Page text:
Ethical Issues in Group Counseling, Coursework Example

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Coursework

Experiential techniques, such as psychodrama, have tremendous therapeutic potential: properly used, they can help clients to overcome fears and negative affect associated with memories and situations in life. And yet, because of the tremendous power of these techniques and the emotions they evoke, the therapist must be vigilant against their misuse. Improperly used, psychodrama and other techniques can cause great harm, undermining the goals of therapy and precipitating client resistance. The proper and ethical use of psychodrama and other experiential techniques emphasizes the empowerment of clients, respect for their self-determination, and supportive guidance to help them overcome their own resistance to positive change.

Psychodrama is a powerful experiential technique, but one that carries with it a number of particular ethical concerns. As Klontz (2004) explained, psychodrama is a very action-oriented approach, one that consists of having a client perform “’past, present, or anticipated life situations and roles in an attempt to gain deeper understanding, achieve catharsis, and develop behavioral skills’” (Corey, 1990, as qtd. in Klontz, p. 174). As such, psychodrama has a great deal of potential if used properly, but this requires a high degree of competence on the part of the therapist (p. 174). From this it follows that the clinician must be thoroughly trained and receive appropriate supervision. In fact, in addition to “supervised specialty training”, clinicians should experience psychodrama as clients before they are allowed to guide their own clients through the process on their own, unsupervised (p. 174).

There is a very good ethical reason why clinicians should receive in-depth, highly supervised training in psychodrama, as well as experience it as a client, before guiding their clients through it: the well-being of their clients (Klontz, 2004, p. 174). This much is intuitive for any technique, but with psychodrama the stakes could scarcely be higher: after all, the patients will be dramatizing life situations and roles that will typically have powerful, and potentially traumatizing, emotional resonances and meanings for them (p. 174). This is why competence carries special importance with respect to this technique: it is not enough for a practitioner to be competent in psychotherapy generally, they must also be very competent in psychodrama and aware of the risks (p. 174).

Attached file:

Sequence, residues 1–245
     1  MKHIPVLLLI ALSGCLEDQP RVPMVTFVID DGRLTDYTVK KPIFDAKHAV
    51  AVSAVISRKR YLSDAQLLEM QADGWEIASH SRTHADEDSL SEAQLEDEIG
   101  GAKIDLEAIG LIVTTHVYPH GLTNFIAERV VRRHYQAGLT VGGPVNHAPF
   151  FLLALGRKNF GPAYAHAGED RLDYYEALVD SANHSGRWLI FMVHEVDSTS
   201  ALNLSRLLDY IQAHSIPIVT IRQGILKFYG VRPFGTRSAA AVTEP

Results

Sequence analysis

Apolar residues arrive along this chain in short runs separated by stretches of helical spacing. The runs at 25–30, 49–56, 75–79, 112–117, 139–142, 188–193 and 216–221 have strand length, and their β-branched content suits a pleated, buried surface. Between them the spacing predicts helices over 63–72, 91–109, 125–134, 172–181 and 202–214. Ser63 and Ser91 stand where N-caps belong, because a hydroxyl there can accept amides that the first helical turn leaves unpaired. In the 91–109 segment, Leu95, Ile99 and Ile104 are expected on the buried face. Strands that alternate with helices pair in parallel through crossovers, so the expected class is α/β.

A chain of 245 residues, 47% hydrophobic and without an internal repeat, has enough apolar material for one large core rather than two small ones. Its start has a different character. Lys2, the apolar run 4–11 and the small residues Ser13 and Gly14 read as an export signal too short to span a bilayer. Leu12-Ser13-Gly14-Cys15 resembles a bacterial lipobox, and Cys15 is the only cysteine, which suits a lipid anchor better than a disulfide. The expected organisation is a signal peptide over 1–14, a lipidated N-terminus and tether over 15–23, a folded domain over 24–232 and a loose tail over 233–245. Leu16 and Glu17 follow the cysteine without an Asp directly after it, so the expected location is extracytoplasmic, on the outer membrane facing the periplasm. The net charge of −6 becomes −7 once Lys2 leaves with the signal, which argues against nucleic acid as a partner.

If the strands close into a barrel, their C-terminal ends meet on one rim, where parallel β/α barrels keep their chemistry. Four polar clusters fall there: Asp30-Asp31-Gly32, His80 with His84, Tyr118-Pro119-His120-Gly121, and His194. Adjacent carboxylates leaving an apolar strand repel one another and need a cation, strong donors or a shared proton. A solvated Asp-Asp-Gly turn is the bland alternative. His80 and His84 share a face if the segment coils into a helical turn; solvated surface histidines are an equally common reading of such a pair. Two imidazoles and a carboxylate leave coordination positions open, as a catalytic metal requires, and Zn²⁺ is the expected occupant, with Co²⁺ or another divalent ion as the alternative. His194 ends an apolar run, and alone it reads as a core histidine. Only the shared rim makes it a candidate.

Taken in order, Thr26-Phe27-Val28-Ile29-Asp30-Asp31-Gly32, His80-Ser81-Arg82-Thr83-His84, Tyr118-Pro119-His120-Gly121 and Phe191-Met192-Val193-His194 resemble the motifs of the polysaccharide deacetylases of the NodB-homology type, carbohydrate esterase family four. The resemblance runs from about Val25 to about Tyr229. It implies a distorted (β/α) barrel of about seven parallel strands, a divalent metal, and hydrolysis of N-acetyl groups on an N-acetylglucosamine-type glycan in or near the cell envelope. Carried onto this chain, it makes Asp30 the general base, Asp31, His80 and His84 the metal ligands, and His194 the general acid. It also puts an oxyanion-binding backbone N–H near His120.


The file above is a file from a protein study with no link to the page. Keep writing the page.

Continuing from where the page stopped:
And, too, for some clients psychodrama should be avoided. As with all techniques, psychodrama has its limits, and it is imperative that the practitioner know what they are (Klontz, 2004, p. 175). With clients who are severely disturbed or psychopathic, as well as those “who are acting out”, the practitioner must take even greater care with using psychodrama, if indeed psychodrama is used at all (p. 175). The emotional catharsis facilitated by psychodrama and by certain other experiential techniques may be deleterious for some clients (p. 175). Klontz listed several categories of individuals for whom emotional catharsis-inducing experiential techniques may not be appropriate: “individuals who are actively abusing substances or individuals who (a) are heavily medicated, (b) have dissociative or psychotic disorders, or (c) have labile mood or difficulty regulating affective states” (p. 175). The therapist must keep this in mind when applying the technique, and avoid using it with clients who may be expected to be harmed by it rather than helped.

Because of the emotional power of psychodrama and other experiential techniques, the therapist should follow certain guidelines for best practices, in order to take care to ensure that the techniques are not misused (Klontz, 2004, p. 175). One absolutely essential guideline is the use of techniques to “work with emotional issues raised by group members”, as opposed to using them in a way that has the effect of stirring up clients’ emotions (p. 175). This is of great importance when using such powerful techniques, because of the sensitivity of the emotions involved (p. 175). And, too, the therapist must take care to safeguard participants from any kind of emotional coercion, whether from the therapist themselves or from other participants: participants should be free to participate as they desire and see fit, or to not participate if they are not comfortable with this (p. 175).